JACK QuartetOctober 17, 2009
The JACK Quartet leads an exciting career in performance, education and composition with the added responsibility of managing and sustaining an ensemble. All alumni of the Eastman School of Music, the following interview focuses on the Eastman years and how the Quartet utilizes and combines experience and skills to make their performance career thrive!
John Pickford Richards, viola
Ari Streisfeld, violin
Christopher Otto, violin
Kevin McFarland, cello
What skills did you each develop during your time at Eastman that you consider to be valuable in your professional work today?
Collaboration, leadership, musicianship and more! “There was so much focus on arts leadership, I left with a bunch of can-do ambition and an arsenal of practical skills,” John said. Teachers such as Zvi Zeitlin and John Graham taught beyond instrument technique and focused on great musicianship. In addition to private study, Kevin said, “My interactions in chamber music and ensemble situations became the basis for the kind of collaborations I engage in now, with JACK as well as others.” Organizations such as Ossia, Music for All and Musica Nova provided performance opportunities, production experience as well as organizational and interpersonal skills. Ari added, “The incredible new music vibe that was and still is happening at Eastman opened my mind up to new sounds and ideas in music.”
How important do you think it is for musicians to develop entrepreneurial skills and take charge of their own careers?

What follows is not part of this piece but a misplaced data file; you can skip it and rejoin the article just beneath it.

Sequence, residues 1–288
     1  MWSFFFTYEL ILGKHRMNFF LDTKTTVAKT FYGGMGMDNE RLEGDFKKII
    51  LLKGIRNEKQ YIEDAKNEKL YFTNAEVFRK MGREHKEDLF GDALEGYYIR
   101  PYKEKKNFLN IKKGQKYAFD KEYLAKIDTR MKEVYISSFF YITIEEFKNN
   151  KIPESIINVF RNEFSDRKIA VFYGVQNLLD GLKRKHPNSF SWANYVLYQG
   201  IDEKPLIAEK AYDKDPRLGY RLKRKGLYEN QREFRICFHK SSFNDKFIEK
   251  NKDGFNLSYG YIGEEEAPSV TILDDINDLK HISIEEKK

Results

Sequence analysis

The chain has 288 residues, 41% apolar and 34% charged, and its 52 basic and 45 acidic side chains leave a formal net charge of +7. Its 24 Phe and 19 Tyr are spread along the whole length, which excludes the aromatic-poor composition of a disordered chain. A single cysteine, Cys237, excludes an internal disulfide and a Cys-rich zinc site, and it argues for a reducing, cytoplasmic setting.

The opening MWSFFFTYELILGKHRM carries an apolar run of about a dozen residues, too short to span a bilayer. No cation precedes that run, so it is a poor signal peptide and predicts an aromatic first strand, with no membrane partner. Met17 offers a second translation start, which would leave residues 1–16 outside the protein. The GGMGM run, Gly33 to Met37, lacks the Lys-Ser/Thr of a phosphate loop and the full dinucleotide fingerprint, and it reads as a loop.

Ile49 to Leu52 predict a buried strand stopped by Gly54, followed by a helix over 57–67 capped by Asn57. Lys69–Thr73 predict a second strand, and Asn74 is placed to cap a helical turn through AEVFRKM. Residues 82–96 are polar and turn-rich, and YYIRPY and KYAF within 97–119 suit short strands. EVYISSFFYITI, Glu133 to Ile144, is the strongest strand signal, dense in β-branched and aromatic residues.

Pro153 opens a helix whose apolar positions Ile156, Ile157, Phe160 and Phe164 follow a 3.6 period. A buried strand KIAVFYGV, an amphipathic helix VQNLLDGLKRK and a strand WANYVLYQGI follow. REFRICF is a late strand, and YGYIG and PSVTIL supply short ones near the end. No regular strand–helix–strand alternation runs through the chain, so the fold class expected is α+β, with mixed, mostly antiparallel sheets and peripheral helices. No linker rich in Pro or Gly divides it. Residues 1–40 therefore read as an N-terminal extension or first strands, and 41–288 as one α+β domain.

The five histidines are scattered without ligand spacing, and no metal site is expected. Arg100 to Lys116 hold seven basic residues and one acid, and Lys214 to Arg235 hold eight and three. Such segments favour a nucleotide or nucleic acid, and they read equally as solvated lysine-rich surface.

“As a musician, it is incredibly important to take charge of your own career,” said Ari. “With so many fantastic musicians coming out of top conservatories and schools, it is important to find ways to make yourself, or your group, stand out.” The key to building a successful career today lies in skill development. “Musicians need to be flexible today. The more skills you have the better,” said Kevin. Skills such as creative thinking and innovation combine with musicianship to make communication more effective. “I like to think of entrepreneurial skills as being part of the larger musical experience in the sense that I want to share music with audiences and need skills to do so. The most important skills I’ve encountered focus on performing well, attracting audiences, and maintaining credibility,” John said.
As members of this adventurous ensemble, your careers encompass performance, composition, administration, development, and education, to name a few. How do you balance these diverse activities and how did your time at Eastman better prepare you for the realities of a performance career?